The Google v. Oracle appeal ruling: why it’s important

May 9, 2014
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Earlier today, a Federal Judge ruled that certain aspects of JAVA language could be protected. This is adjunct to a prior ruling in the ongoing Google-Oracle legal squabble, which found that Java, the language Android is written in, is free to use. While this new ruling doesn’t necessarily overrule that one, it sets a very dangerous precedent moving forward.


To clarify, the ruling states that APIs — those things that make stuff work together — can be protected by patents and copyrights. Specific to this case are the “structure, sequence, and organization” of APIs, which the judge found to be something Oracle could defend. To recap: JAVA is free and clear, but the way APIs may be written and used is not.

This is substantial to Android because APIs are the thing that make apps special in many ways. Oracle (by virtue of Sun Microsystems) may have let the world use Java, as Google successfully argued a few years back, but the API is a touch different. An API touches on Oracle’s Virtual Machine and libraries. While Oracle lets you use them, they don’t let you copy them.

Google essentially recreated the library for use with Android, which is what’s at issue here. By recreating the libraries, Google effectively copied the “structure, sequence, and organization” Oracle had. Now that Oracle has argued Google infringed on their intellectual property, they’re free to pursue this case further.

The reason this is so damning is that APIs affect everything within Android. An API is, by definition, an Application Programming Interface, and defines how apps communicate and work with one another. The recent Play Services update should serve to show just how important APIs are — the update was nothing but APIs.

Some will say Oracle is out for blood, seeking a payday after purchasing Sun Microsystems. That might be true; Oracle may have purchased Sun thinking they could simply snag a piece of the Android pie and coast into a fortune. That’s entirely possible, even probable.

What’s also probable is that Google won’t let this die, and will defend it vigorously. The ruling is devastating, and sets a very intense legal precedent, but Google’s lawyers will likely argue the open source nature of Java. This is one ruling, but it’s like a marble pillar to Oracle’s case. Even if they lose the war, it’s possible they have emerged victorious in the largest and most important battle.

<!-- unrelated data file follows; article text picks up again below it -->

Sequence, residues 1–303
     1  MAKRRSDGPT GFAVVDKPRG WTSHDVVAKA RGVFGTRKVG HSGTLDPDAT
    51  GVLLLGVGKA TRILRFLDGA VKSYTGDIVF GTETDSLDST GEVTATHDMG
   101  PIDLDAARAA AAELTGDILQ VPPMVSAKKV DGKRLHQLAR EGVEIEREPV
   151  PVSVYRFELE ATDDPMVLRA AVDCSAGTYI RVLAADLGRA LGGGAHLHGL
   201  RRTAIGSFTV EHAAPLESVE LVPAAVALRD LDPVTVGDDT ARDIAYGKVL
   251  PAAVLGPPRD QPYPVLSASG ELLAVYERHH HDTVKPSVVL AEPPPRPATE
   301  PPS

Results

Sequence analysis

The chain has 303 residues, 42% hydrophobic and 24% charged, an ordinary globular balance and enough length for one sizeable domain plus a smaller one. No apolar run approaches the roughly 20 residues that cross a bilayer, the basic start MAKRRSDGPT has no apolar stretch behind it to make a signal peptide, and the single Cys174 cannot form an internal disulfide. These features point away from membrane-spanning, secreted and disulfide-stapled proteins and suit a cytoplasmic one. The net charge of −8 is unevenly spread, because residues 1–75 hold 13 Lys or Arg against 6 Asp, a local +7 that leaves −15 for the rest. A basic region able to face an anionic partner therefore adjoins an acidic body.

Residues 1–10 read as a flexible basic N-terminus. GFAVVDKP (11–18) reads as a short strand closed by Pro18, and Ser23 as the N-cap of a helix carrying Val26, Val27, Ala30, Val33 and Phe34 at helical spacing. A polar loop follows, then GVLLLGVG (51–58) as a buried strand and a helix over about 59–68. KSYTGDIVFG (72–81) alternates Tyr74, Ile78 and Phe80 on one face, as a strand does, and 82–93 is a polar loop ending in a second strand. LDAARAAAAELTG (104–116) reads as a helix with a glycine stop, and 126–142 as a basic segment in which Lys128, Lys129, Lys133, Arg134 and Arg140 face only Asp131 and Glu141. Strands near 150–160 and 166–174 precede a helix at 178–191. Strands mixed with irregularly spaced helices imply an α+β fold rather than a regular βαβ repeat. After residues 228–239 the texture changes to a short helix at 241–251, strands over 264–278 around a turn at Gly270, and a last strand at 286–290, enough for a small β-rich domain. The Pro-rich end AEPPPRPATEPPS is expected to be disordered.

Source: Oracle v. Google ruling


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  • guest

    Oracle is wasting their legal resources fighting Google over that steaming crock of JAVA! Instead they should be attacking Facebook for that gold-plated turd just acquired called Occulus. Oracle probably doesn’t even realize they own a crapload of VR IP they got from their Sun Microsystems aquisition.

  • Jason

    As much as I like Android, I’ve always been bothered by its dependence on Java. I mean, the Android SDK still calls for the installation of JDK 6. An outdated version of some crap from Oracle… You’d think that Google would have tried to better distance themselves from that.

  • Jeff LeFevre

    I doubt this will mean money like Oracle thinks it will. It could even do damage to Java’s developer base now that devs know using Java isn’t as free as advertised. I hope this backfires on Oracle hard. A little money now – screwed later. On the other hand, Xamarin did a port to .net a few years back. It was found that the licensing was more favorable, and the runtime was significantly faster. Seems like making the switch might cost a bit up front but change things for the better in the long run. One of the few things I like about MS is Visual Studio.